August 9, 2015
A cable-stayed bridge spanning the Willamette River in Portland, Oregon, was first opened to the public. This open house took place more than a month before the bridge was officially dedicated. The new structure was designed by TriMet, the regional transit authority for the Portland metropolitan area, for the MAX Orange Line light rail passenger trains.
TriMet also took on the job of selecting the name of the bridge from a number of entries submitted by the public. The winning entry was Tilikum Crossing, Bridge of the People. “Tilikum” is derived from the language of the Chinookan peoples, who lived in that part of the world for thousands of years; the word means people, tribe, or family. This word was chosen as part of the name for the bridge to honor the Multnomah, Cascade, Clackamas, and other Chinookan peoples with deep roots in the area.
Tilikum Crossing serves as a link not only for the MAX Orange Line but also city buses, Portland’s streetcar system, bicycles, pedestrians, and emergency vehicles. The structure has the distinction of being the only major bridge in the United States that was designed to provide access to bicyclists, pedestrians, and transit vehicles but not private automobiles and trucks. In addition, Tilikum Crossing was the first new bridge to be opened across the Willamette area in the Portland metropolitan area in more than four decades.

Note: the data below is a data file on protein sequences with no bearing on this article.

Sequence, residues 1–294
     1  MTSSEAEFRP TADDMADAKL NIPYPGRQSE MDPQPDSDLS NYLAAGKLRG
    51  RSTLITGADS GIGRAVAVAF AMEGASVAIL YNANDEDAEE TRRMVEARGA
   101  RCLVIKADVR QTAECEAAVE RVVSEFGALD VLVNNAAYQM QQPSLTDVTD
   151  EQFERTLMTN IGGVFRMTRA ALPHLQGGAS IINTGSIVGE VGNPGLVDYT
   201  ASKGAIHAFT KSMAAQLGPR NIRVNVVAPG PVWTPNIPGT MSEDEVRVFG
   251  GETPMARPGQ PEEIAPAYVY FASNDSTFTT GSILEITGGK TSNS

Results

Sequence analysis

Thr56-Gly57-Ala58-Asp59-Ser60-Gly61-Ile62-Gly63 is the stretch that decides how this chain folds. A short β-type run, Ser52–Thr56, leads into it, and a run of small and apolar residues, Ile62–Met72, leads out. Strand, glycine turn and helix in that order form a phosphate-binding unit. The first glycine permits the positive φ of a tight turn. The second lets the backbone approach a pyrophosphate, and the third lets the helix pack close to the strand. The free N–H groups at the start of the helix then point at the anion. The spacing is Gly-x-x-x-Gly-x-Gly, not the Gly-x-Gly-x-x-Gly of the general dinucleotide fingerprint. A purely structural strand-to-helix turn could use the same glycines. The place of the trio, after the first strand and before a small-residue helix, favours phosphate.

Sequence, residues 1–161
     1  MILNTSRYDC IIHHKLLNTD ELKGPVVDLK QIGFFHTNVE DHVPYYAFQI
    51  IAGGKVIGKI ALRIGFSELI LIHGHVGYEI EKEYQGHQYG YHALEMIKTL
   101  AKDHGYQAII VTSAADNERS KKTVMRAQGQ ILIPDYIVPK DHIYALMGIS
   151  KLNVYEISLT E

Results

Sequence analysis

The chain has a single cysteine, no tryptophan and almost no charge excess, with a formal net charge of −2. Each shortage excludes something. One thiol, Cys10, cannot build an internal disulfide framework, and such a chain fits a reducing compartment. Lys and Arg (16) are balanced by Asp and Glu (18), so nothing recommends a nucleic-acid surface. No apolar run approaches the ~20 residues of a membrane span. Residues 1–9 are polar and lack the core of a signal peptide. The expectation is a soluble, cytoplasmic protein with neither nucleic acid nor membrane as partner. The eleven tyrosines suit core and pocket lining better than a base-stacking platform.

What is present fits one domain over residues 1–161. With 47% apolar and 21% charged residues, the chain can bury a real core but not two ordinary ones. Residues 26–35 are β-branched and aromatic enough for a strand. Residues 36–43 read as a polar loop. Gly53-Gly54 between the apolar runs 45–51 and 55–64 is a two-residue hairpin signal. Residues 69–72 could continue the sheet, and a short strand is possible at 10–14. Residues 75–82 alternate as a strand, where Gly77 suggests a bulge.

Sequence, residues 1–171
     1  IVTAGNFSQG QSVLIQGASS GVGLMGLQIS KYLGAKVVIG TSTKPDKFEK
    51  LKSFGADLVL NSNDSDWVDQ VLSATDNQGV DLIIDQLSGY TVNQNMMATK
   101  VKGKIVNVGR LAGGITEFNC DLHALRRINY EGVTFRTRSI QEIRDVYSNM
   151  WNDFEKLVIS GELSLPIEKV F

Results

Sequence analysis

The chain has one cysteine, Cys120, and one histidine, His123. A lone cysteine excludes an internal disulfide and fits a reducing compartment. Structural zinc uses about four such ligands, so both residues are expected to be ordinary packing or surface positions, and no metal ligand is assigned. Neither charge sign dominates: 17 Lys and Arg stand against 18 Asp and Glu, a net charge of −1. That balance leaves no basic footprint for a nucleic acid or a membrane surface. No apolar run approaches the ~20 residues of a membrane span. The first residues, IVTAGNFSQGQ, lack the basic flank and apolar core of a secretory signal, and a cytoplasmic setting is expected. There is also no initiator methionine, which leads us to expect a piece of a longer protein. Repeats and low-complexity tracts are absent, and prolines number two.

The August 9 “sneak preview” for Tilikum Crossing proved to be a popular event, with TriMet estimating that at least 40,000 people turned out during that Sunday to set foot on the new bridge. TriMet also estimated that at least 13,000 of those people showed up riding their bicycles. “I watched thousands and thousands of people (biking),” said TriMet spokesperson Mary Fetsch in an interview with the Oregonian. “There was a woman who was 95-years-old riding over the bridge. There was so much excitement.”
The formal opening of Tilikum Crossing took place on September 12. The dignitaries on hand for those ceremonies included Oregon Governor Kate Brown; Confederated Tribe of Grande Ronde Councilwoman Cheryle Kennedy (representing the Chinookan peoples); U.S. Representatives Earl Blumenauer and Suzann Bonamici; and the Federal Transit Administration’s Acting Administrator Therese McMillan.
For more information on Tilikum Crossing, Bridge of the People, please check out https://en.wikipedia.org/wiki/Tilikum_Crossing and the 9 August 2015 Oregonian article “Tilikum Crossing: public treated to an open house” at https://www.oregonlive.com/multimedia/index.ssf/2015/08/tilikum_crossing_public_treate.html.